Multiple Sclerosis

Reprinted from NARHA Strides magazine, April 1997 (Vol. 3, No. 2)

Multiple Sclerosis (MS) is an illness diagnosed in over 350,000 persons in the U.S. today. MS is that it is signified by more than one (multiple) areas of inflammation and scarring of the myelin in the brain and spinal cord. Myelin is the tissue that covers and protects our nerve fibers. When this occurs, nerve “communication” is disrupted. The cause of multiple sclerosis is not yet known. There is no one group of people who “get” MS.  Considered a lifelong disorder, trends show that MS often strikes between the ages of 30 and 50, and mostly women. MS is not considered a fatal, contagious or directly hereditary illness, although a susceptibility to MS may be inherited.


Medical Considerations  By Liz Baker, PT, Medical Committee Chairman

Multiple Sclerosis is one of a growing number of diseases that has a dual identity in therapeutic riding: it can be both an indication for riding, and a precaution or contraindication. This duality, an apparent contradiction, is created by the type of symptoms and problems caused by the disease; its signs and symptoms can be improved by therapeutic riding, worsened by riding, or even preclude riding altogether. In general, however, people with MS are often good candidates for riding, and this activity can help retain functional ability on and off the horse.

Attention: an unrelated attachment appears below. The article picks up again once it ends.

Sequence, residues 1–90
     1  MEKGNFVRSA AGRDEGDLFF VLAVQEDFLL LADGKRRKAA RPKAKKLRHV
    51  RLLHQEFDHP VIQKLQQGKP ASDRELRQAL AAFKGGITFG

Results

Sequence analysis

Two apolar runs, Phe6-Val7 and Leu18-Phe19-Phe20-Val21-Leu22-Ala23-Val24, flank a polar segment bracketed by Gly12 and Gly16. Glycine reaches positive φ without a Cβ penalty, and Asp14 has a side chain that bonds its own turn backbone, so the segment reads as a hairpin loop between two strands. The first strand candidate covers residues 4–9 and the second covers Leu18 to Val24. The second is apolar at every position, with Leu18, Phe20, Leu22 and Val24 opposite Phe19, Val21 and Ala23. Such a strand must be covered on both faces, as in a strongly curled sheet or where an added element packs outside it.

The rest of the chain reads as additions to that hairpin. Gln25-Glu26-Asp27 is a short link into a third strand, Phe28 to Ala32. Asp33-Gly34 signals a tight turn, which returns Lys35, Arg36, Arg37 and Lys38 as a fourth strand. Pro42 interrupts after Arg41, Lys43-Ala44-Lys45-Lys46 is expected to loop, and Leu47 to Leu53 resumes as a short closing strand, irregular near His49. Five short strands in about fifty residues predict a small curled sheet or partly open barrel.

Spina Bifida

Reprinted from Strides Magazine, July 1997 (Vol. 3, No. 3)

Spina bifida is a descriptive diagnosis that also goes by the names myelomeningocele, spina bifida cystica, and myelodysplasia. It is diagnosed at birth by the presence of an external sac on the child’s back along the spine. This sac contains the spinal cord and the meninges, the protective layers of tissue that enclose the spinal cord. Surgery is usually performed within days after birth to close the causative defect in the vertebrae so that the myelomeningocele (and the spinal cord) is no longer exposed, and less likely to be injured.


Medical Considerations By Liz Baker, PT, Medical Committee Chairman